The Pope was in his chapel before day or battle broke,
(Don John of Austria is hidden in the smoke.)
Today is the memorial of St. Pius V, who was Pope from 1566 to 1572. He is an important figure in the history of Western Civilization for a number of reasons, but the primary reason for my interest in him is that he was Pope during the Christian naval victory over Turkish forces at the Battle of Lepanto, in which many Christian slaves (who were forced to row the Turkish ships) were freed, and which effectively ended Turkish dominance of the Mediterranean Sea and consequently the threat of their invasion of Italy. The Pope instructed the entire Christian fleet to pray the Rosary immediately before combat commenced, and so the victory is attributed to Our Lady’s intercession. The feast of Our Lady of the Rosary is celebrated every year on October 7th to commemorate it.
Since we don’t have classes today, I took a bus this morning to go pray at the Basilica of St. Mary Major, where St. Pius’ remains are kept in the altar of the chapel in the right transcept (which is closed for renovation), and where he prayed for victory–as the above lines from Chesterton’s poem, Lepanto, commemorate–in the so-called Pauline Chapel, in the left transcept. This chapel holds an icon that is said to have been written by St. Luke the Evangelist on the wooden table of the Holy Family of Nazareth. It is also the chapel where Eugenio Pacelli, the future Pope Pius XII, celebrated his first Mass after his priestly ordination.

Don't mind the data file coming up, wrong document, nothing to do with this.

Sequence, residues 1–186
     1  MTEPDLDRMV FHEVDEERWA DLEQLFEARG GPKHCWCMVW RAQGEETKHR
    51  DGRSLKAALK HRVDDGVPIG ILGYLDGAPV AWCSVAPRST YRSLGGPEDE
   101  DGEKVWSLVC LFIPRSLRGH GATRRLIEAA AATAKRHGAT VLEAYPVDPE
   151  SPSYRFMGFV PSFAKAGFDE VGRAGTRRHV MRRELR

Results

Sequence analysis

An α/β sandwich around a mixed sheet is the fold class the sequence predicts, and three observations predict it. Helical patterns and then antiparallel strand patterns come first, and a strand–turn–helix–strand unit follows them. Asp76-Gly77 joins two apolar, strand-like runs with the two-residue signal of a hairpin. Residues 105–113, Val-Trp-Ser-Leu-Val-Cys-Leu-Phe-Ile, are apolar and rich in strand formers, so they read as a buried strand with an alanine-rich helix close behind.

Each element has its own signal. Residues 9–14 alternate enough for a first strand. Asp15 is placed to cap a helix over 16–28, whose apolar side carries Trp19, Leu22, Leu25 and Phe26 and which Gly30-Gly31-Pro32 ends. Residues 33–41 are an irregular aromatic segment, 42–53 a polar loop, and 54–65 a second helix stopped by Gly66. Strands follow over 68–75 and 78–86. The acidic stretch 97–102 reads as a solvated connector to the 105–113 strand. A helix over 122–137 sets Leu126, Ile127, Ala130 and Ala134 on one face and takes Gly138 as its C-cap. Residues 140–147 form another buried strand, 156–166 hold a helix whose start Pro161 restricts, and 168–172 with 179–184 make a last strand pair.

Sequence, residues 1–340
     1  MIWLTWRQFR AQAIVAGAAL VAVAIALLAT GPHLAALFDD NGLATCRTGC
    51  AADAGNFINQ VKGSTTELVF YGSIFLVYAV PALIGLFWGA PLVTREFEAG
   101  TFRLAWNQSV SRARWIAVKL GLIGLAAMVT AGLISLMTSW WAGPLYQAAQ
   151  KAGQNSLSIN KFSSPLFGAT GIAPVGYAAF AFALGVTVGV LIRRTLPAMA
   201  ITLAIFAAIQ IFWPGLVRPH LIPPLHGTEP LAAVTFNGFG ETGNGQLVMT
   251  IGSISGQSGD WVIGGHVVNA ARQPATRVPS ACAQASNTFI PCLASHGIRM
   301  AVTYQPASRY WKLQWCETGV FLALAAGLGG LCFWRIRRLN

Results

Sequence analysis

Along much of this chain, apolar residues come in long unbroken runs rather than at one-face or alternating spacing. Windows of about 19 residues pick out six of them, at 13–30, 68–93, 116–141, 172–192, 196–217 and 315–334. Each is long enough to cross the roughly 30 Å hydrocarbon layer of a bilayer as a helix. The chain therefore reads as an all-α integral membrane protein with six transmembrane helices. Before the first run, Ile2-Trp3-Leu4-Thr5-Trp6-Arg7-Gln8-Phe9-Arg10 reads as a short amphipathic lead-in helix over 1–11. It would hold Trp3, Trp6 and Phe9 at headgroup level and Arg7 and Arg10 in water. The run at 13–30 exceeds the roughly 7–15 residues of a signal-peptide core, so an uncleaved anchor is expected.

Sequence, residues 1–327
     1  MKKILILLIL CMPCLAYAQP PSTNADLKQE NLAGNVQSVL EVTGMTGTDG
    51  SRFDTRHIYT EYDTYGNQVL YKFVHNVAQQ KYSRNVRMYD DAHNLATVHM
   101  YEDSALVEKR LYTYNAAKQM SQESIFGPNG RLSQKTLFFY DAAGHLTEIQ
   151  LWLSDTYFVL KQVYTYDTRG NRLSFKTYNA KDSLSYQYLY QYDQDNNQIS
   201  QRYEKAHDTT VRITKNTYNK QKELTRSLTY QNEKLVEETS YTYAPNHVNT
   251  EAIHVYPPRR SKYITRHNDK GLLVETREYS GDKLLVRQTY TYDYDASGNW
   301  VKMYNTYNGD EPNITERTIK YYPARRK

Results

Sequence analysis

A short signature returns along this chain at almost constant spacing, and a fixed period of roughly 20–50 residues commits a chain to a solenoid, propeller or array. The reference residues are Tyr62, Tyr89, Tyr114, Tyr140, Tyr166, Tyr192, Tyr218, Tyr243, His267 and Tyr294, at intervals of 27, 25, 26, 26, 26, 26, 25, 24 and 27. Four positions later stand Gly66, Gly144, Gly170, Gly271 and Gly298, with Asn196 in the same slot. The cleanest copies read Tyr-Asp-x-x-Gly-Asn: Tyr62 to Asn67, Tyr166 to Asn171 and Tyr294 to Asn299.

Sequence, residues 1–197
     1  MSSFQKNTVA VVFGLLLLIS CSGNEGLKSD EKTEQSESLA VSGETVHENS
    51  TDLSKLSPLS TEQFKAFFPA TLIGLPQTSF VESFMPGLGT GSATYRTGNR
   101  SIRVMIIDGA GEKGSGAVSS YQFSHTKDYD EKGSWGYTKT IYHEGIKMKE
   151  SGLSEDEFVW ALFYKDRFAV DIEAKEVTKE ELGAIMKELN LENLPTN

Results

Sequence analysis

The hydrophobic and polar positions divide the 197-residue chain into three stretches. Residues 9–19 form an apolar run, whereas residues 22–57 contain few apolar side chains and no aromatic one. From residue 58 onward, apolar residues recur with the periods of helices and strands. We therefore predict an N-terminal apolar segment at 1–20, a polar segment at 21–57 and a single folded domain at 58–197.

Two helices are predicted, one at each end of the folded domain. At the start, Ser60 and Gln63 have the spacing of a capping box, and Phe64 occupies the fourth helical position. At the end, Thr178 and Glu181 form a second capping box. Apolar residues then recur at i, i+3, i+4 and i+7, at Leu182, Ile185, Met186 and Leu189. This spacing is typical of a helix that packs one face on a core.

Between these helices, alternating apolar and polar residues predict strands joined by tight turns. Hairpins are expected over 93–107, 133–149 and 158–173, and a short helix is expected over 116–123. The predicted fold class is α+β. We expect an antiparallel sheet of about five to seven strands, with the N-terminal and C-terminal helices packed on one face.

(I invited one of my friends to come with me this morning, after telling him the significance of it. He laughed, said it was “proprio Emmett”–that is, ‘it’s a very Emmett thing to do’–and politely excused himself.)